Many new drivers underestimate the various car costs they have to shell out for, whether they be fixed (standing charges at certain points of the year) or ones that may be altered. We often put ourselves in debt by buying a car but sometimes expenses get out of hand—we get “car poor.”
It’s worth shopping around on comparison sites to obtain the best value for items like insurance or other costs which vary from vendor to vendor.
Most people are aware of the running costs – fuel, maintenance, parking and fines, as well as insurance but there are other payments to consider. The car itself may not be paid off in one lump sum but you need to be fairly soluble finance-wise in order to afford it.
Let’s face it, the individual costs are a headache, so it is well worth creating a check-list so you make sure you don’t miss anything and don’t receive any nasty surprises.
Every vehicle in the US needs its own certificate of ownership. It shows the owner’s name and address, the registration number and various other details.
The applications need to be made to the state office, which may be the Department of Motor Vehicles. When selling the vehicle, the seller should endorse the certificate of title. Another thing the seller should do is notify the office which issued the certificate that a sale has been made.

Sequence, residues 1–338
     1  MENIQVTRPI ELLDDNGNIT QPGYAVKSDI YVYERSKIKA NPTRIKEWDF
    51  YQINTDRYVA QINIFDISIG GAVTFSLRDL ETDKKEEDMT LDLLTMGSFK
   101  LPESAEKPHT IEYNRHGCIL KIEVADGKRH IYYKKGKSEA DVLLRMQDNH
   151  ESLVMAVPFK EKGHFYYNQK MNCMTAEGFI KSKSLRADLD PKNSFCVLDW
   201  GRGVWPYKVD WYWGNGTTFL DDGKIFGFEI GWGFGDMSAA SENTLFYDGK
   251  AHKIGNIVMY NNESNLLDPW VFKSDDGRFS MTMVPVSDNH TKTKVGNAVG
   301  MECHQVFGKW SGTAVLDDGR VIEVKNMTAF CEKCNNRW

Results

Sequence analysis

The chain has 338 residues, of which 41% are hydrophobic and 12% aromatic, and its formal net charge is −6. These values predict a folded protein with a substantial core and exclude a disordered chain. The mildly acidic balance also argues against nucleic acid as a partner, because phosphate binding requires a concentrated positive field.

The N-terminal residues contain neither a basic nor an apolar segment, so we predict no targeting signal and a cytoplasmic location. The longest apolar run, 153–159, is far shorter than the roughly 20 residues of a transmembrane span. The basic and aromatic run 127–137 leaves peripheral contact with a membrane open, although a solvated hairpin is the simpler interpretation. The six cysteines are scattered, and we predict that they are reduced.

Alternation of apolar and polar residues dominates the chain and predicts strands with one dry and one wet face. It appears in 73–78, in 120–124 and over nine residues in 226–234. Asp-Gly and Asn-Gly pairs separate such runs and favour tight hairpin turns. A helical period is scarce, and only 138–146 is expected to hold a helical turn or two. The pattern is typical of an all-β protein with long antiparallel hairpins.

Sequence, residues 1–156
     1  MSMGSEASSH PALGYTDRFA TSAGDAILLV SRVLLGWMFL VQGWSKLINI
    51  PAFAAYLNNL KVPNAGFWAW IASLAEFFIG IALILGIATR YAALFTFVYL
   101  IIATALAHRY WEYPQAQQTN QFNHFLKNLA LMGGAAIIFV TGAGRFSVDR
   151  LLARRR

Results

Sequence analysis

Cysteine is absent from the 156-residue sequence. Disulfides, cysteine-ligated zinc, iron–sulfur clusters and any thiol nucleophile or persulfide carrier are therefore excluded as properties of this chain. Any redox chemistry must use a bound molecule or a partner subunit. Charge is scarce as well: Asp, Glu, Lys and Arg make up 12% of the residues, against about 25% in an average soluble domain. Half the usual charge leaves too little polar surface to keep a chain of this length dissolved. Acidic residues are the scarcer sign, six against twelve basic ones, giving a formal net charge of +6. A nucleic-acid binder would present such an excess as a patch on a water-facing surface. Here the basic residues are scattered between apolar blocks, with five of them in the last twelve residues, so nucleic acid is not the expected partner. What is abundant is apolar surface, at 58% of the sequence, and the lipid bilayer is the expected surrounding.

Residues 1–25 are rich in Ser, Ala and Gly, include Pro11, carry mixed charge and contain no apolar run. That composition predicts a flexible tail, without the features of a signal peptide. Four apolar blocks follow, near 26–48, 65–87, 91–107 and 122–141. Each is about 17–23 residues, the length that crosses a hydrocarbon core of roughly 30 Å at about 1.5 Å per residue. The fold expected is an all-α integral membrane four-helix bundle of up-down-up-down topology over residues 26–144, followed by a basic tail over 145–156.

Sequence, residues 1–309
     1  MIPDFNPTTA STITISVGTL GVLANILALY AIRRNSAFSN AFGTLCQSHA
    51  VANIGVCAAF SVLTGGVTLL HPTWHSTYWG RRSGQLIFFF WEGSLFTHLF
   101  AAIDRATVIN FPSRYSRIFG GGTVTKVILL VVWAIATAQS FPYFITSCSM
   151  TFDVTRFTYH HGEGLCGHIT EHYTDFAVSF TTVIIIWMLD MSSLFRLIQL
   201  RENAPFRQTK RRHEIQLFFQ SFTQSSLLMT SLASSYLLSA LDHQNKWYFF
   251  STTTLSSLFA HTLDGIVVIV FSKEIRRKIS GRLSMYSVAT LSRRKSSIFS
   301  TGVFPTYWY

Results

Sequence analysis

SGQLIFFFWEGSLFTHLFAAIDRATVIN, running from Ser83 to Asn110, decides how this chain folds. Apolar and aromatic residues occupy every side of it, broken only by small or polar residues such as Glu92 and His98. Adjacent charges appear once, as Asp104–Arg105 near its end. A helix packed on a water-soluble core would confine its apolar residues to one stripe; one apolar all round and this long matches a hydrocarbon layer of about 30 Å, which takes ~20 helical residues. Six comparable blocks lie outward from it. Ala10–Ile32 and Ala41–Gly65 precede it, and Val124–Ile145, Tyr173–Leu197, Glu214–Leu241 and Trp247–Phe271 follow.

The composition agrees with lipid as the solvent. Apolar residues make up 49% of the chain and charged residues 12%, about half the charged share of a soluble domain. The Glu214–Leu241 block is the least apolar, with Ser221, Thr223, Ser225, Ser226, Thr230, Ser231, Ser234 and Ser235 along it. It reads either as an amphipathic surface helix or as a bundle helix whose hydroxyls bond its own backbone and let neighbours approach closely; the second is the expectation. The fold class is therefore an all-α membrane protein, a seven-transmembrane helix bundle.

As well as this (hopefully endorsed) certificate of title you also need…
- Proof of ownership, which may be the certificate of sale
- Proof of your identity including your date of birth
- Proof of insurance
- Sales tax clearance
- An emission inspection certificate if needed
- The completed registration form and the fee itself. This may be a flat fee or could be based on such variables as age, value or even weight of the car. (If you wish a personalised plate you will need to pay more.)
If you are wishing to move to another state, you will need to re-register your vehicle pretty soonish. You may need to apply for a visitor’s permit if you have to drive in an unregistered car while waiting for registration to take place.
There are special municipalities in the US which charge a particular tax rate. Trucks or buses in contrast have to pay a heavy use tax, though vans and pick-up trucks pay the normal amount. If you travel more than 5,000 miles by the truck you don’t have to pay this tax.
In addition to these taxes New York has a Highway Use Tax which is similar to the congestion charge found in several foreign cities.
There are numerous other costs to consider, items such as car seats if you happen to have young children, a sat nav if your car doesn’t have one in-built, and various products to help with day-to-day running such as a de-icer or car polish.
But there’s so much pleasure in the open road, it must be worth all the expense? Right?